Democratic Rep. Tony Hall of Ohio has been offered a job as ambassador to the United Nations' food and agriculture agencies, government sources said Thursday, and appointment could come as soon as next week.

Hall's office and the White House declined comment on the pending appointment, which was confirmed by sources who spoke on condition of anonymity. The appointment would require Senate confirmation.

Hall's resignation to take the Rome-based post would pave the way for a heavily contested election in the southwestern Ohio district that he has held for 24 years.

Eager to gain a seat in advance of the November elections, Republicans already have conducted a poll to test their chances and are promoting a potential replacement for Hall, former Mayor Mike Turner of Dayton.

"You are looking at a very competitive general election," said Amy Walter, who follows U.S. House races for The Cook Political Report, a Washington newsletter. "When you are talking about just a six-seat margin in having the House or not having the House, Tony Hall's decision to retire is a very big deal."

Democrats have been trying to persuade Hall to stay in the House.

The U.N. position would require Hall to work closely with several food programs, including the Food and Agriculture Agency, International Fund for Agricultural Development and the World Food Programme.

The position has gone unfilled since former South Dakota Sen. George McGovern left in October.

Hall, 60, has served in Congress since 1978. He said at the end of January that he had been talking with the Bush administration for several months about a humanitarian-related job. He declined to comment on the details but said he would decide soon whether to seek re-election to Ohio's 3rd District.

The filing deadline for congressional candidates is Feb. 21.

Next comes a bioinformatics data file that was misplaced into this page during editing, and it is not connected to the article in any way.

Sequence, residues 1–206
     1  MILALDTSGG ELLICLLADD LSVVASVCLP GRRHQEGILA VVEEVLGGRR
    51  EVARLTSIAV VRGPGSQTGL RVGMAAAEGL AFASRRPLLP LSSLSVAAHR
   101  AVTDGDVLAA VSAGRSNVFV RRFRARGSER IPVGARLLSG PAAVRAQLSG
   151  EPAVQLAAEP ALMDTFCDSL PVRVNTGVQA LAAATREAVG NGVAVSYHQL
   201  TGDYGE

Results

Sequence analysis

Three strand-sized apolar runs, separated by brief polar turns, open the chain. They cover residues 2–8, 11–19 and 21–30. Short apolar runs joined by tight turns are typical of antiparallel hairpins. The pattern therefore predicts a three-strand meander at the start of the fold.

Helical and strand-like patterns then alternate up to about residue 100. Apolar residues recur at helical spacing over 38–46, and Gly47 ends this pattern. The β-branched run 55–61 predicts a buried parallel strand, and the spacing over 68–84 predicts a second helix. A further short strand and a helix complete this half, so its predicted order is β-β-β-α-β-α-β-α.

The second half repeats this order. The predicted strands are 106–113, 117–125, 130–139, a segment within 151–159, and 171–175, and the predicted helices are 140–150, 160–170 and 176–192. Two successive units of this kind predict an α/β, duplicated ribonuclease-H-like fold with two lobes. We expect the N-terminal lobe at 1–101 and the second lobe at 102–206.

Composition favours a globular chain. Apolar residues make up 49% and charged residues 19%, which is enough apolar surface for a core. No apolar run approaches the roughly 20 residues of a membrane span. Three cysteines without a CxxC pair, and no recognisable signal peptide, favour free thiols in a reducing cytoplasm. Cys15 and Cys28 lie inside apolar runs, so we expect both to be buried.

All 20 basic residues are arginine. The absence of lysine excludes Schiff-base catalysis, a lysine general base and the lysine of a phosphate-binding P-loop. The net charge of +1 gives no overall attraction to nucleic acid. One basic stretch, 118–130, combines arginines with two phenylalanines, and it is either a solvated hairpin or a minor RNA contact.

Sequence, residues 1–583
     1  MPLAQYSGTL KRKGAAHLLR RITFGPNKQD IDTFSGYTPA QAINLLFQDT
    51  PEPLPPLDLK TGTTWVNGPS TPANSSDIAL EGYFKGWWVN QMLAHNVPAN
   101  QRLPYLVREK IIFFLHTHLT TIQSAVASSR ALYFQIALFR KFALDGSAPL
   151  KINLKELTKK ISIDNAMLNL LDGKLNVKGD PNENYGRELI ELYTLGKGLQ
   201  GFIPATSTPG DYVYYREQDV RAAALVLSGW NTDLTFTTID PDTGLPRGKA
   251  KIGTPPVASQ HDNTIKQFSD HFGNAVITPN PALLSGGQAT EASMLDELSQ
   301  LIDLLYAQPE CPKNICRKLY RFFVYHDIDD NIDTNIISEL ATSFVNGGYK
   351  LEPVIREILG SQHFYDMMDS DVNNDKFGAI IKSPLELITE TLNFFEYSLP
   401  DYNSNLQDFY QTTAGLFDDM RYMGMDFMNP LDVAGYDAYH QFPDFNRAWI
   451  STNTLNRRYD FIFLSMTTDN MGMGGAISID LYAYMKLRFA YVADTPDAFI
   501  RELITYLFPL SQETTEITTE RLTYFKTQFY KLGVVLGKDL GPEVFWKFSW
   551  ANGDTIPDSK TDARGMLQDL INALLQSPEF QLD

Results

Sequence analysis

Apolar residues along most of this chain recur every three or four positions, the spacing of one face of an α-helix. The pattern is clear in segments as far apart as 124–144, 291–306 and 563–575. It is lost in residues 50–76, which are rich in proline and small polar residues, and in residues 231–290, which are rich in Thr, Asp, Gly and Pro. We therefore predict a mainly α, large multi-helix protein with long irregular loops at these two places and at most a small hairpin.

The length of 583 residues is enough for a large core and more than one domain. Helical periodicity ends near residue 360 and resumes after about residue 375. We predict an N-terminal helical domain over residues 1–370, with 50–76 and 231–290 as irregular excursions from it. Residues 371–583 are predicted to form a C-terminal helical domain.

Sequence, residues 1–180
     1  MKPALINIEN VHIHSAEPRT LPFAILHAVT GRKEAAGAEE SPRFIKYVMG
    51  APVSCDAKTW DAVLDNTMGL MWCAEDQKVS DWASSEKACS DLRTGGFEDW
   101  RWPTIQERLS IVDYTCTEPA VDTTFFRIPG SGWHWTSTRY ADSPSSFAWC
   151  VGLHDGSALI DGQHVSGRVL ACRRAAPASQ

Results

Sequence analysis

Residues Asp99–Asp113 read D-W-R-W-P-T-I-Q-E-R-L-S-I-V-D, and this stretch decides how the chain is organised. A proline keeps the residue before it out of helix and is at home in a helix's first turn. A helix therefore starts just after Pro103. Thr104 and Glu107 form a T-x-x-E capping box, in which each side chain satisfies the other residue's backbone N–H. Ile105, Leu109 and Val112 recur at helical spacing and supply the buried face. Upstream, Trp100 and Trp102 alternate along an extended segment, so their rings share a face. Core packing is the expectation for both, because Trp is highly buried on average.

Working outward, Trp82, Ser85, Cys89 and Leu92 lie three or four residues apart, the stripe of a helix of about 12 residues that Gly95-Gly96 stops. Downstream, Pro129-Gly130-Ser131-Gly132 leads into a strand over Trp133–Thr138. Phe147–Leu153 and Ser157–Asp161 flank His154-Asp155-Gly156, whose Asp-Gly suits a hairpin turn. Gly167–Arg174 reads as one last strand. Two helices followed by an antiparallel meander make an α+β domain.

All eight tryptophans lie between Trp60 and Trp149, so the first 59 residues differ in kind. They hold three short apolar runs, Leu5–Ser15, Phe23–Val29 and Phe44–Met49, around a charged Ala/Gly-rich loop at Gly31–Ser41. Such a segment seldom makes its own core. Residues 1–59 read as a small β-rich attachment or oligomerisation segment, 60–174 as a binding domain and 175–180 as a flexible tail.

Hall's district was largely redrawn last month by the Republican-controlled state Legislature to include fewer Democratic voters. Still, Hall was not expected to have trouble keeping the seat, which was considered so safe in 2000 that he was the only Ohio incumbent without a major-party opponent.

Apart from Turner, at least two other Republicans have expressed an interest in the race, including Roy Brown of Brown Publishing Co., whose father and grandfather served in Congress, and David Westbrock, a doctor from Centerville, Ohio.

"Republicans have an excellent chance of electing the next congressman from this area," said Montgomery County GOP Chairman Jeff Jacobson, also a state senator.

Jacobson said Turner would be an "excellent" candidate against anyone, including Hall, but Westbrock and Brown don't live in the district and aren't as well known.

Interested Democrats include Hall's chief of staff, Rick Carne, and Montgomery County Prosecutor Matt Heck.

Hall has long been an outspoken advocate in Congress for hunger issues and human rights conditions. He was chairman of the House Select Committee on Hunger and went on a hunger strike for 22 days in 1993 to protest the abolition of the committee. He later helped found the Congressional Hunger Center and now serves as chairman of the House Democratic Caucus Task Force on Hunger.

In 1994, Hall was among four people nominated by former President Clinton to lead UNICEF. The former Peace Corps worker has been nominated for the Nobel Peace Prize three times since 1998.